What a tender story. A story filled with emotion and dramatic tension. The story of two sisters torn by grief and a Savior who loved them yet chose to tarry. Of course, there is more to it—more truths we'll discover as we walk through the forty-four verses John devotes to this tale. For the story of Lazarus is also the story of Jesus's greatest miracle: that of awakening His friend from the dead. (To read the whole story all at once, see Appendix A: "The Story.")

Have you noticed that when Jesus comes on the scene, what seems to be the end is rarely the end? In fact, it's nearly always a new beginning. But Mary and Martha didn't know that at the time. And I'm prone to forget it as well.

Questions and disappointments, sorrow and fear tend to block out the bigger picture in situations like the one we see in Bethany. What do we do when God doesn't come through the way we hoped He would? What should we feel when what is dearest to our hearts is suddenly snatched away? How do we reconcile the love of God with the disappointments we face in life?

Such questions don't have easy answers. However, in this story of Jesus's three friends, I believe we can find clues to help us navigate the unknown and the tragic when we encounter them in our own lives. Tips to help us live in the meantime—that cruel in-between time when we are waiting for God to act—as well as insights to help us trust Him when He doesn't seem to be doing anything at all.

But most important, I believe the story of Lazarus reveals the scandalous availability of God's love if we will only reach out and accept it. Even when we don't deserve it. Even when life is hard and we don't understand. For God's ways are higher than our ways, and His thoughts are higher than our thoughts, Isaiah 55:8-9 tells us. He knows what He's doing. Even when we can't figure out His math.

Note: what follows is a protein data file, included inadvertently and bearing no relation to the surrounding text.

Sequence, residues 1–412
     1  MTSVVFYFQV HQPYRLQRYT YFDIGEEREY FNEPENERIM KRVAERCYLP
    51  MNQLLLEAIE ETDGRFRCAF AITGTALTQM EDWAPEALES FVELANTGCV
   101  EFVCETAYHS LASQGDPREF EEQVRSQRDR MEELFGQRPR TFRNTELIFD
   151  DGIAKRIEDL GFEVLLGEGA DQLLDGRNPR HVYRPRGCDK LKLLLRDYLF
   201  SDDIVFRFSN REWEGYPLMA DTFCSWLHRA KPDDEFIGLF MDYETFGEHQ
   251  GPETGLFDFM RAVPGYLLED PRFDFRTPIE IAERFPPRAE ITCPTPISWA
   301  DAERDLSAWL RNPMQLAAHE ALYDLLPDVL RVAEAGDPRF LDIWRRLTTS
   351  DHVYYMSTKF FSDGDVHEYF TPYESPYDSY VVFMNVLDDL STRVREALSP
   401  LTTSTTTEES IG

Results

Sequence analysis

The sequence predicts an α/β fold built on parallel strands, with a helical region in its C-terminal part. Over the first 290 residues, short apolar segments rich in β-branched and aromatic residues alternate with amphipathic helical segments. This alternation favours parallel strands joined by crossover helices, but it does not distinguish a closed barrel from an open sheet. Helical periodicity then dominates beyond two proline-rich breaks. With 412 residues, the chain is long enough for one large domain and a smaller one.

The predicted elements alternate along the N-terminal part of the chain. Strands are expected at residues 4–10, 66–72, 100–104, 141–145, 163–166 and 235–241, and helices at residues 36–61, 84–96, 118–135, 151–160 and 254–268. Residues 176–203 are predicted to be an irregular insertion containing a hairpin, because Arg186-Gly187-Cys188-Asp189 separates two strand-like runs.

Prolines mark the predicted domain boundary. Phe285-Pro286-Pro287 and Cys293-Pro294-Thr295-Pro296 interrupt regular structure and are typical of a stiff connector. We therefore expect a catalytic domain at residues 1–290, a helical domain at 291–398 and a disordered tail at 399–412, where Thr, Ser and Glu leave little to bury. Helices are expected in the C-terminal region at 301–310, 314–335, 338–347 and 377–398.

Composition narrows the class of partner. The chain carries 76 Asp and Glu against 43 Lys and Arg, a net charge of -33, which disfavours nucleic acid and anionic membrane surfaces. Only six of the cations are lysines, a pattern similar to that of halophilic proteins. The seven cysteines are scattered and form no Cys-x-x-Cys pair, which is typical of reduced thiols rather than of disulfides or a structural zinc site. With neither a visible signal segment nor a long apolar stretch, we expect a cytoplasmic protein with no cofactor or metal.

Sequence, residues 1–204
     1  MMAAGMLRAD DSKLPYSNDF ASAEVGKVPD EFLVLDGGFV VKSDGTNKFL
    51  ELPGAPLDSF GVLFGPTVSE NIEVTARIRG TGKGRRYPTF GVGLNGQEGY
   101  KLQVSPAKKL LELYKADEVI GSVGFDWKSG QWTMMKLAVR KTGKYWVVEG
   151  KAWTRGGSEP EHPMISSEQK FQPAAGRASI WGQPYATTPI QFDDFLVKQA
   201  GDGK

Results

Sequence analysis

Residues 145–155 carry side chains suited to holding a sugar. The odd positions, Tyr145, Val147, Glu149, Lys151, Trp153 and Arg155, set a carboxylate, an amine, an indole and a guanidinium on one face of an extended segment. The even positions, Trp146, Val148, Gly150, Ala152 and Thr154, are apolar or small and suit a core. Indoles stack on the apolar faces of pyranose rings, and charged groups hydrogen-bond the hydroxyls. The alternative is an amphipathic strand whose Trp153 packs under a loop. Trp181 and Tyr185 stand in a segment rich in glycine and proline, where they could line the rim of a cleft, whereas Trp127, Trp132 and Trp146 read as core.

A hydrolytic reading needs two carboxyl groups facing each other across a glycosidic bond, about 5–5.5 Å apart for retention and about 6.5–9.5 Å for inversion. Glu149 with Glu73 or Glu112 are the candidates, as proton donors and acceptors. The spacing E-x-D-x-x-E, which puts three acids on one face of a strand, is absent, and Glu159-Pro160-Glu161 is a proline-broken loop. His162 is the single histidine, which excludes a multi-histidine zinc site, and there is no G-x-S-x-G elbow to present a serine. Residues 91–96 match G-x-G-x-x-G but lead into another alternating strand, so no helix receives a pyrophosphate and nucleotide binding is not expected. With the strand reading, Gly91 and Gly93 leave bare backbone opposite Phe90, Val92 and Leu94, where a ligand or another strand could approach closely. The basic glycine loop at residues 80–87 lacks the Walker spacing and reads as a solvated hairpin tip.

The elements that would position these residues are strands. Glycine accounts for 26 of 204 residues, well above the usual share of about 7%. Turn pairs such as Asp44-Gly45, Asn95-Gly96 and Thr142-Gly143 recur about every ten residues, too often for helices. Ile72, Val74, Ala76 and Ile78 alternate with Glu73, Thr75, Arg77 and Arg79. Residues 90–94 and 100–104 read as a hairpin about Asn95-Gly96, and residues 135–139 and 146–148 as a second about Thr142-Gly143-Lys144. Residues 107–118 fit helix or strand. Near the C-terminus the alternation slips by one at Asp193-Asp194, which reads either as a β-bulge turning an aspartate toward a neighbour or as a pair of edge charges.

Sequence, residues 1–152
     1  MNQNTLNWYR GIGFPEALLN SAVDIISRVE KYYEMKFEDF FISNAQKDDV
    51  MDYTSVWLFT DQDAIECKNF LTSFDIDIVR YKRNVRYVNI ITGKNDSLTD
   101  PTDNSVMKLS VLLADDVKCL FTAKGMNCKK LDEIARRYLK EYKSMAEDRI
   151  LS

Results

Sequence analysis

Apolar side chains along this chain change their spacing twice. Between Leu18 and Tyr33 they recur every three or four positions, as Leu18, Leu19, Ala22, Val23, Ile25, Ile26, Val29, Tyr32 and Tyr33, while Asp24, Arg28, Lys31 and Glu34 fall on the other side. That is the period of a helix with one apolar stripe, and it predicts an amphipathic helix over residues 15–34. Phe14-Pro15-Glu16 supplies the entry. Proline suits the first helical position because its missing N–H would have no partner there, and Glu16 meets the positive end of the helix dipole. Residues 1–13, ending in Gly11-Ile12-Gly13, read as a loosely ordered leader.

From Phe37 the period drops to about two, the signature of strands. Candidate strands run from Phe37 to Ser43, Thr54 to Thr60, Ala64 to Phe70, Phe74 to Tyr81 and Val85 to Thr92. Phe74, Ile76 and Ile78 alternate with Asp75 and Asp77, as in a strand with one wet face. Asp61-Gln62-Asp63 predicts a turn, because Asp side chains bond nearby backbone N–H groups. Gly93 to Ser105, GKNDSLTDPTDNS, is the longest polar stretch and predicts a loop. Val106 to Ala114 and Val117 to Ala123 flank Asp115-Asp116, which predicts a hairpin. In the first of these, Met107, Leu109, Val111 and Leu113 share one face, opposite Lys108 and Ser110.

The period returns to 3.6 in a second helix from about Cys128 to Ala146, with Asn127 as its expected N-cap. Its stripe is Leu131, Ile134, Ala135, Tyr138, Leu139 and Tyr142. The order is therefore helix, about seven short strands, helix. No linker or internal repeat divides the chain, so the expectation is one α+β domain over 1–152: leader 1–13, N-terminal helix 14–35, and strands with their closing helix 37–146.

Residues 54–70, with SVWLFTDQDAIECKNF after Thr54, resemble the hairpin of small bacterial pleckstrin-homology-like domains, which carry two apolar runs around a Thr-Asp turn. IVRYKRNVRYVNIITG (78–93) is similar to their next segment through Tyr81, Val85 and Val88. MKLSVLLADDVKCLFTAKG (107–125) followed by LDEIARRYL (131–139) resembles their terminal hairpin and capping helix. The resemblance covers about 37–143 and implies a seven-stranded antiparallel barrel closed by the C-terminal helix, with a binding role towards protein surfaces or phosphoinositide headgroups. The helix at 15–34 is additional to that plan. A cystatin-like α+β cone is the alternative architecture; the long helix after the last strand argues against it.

Algebra and Me

Arithmetic was always one of my favorite subjects in grade school, one I excelled at. Of course, that was in the last century, before they started introducing algebra in kindergarten. In my post-Leave It to Beaver, yet very serene, childhood, the only equations that wrinkled my nine-year-old forehead were fairly straightforward:

2 + 2 = 4
19 − 7 = 12

Of course, fourth-grade math was more difficult than that. But the basic addition and subtraction skills I'd learned in first and second grade helped me tackle the multiplication and division problems of third and fourth grade with confidence. By the time I reached sixth grade, I was fairly proficient with complicated columns of sums and had pretty much conquered the mysterious world of fractions. I was
amazing—a math whiz.

But then eighth grade dawned and, with it, a very brief introduction to algebra. It all seemed quite silly to me. Who cared what the y factor was? And why on earth would I ever need to know what x + y + z equaled?

When my teacher gave us a high-school placement math exam that spring, I didn't spend a lot of time trying to figure out the answers—mainly because I had no idea how, and when I tried, it made my head hurt. Instead, when I encountered a difficult problem during the test, I did what had always worked for me: I looked for a pattern in the answers.

Allowing my mind to back up a bit and my eyes to go a little fuzzy, I'd stare at all those little ovals I'd so neatly darkened in with my number-two pencil until I could see a pattern. I haven't filled in a D for a while. Or, There were two Bs and then two Cs and one A, so obviously this must be another A.

I was amazing at this too.

No, really, I was. Several weeks later when we received the results of our testing, I had been placed not in bonehead math, not even in beginning algebra. No, it was accelerated algebra for me, though I hadn't a clue what I was doing. To this day I still don't. My algebraic cluelessness has followed me through adulthood and on into parenting. My kids can ask an English question, quiz me on history or government, and I can usually give them an answer or at least help them find one. But when it comes to algebra or geometry or calculus or any of those other advanced math classes invented by some sick, twisted Einstein wannabe…well, they'd better go ask their dad.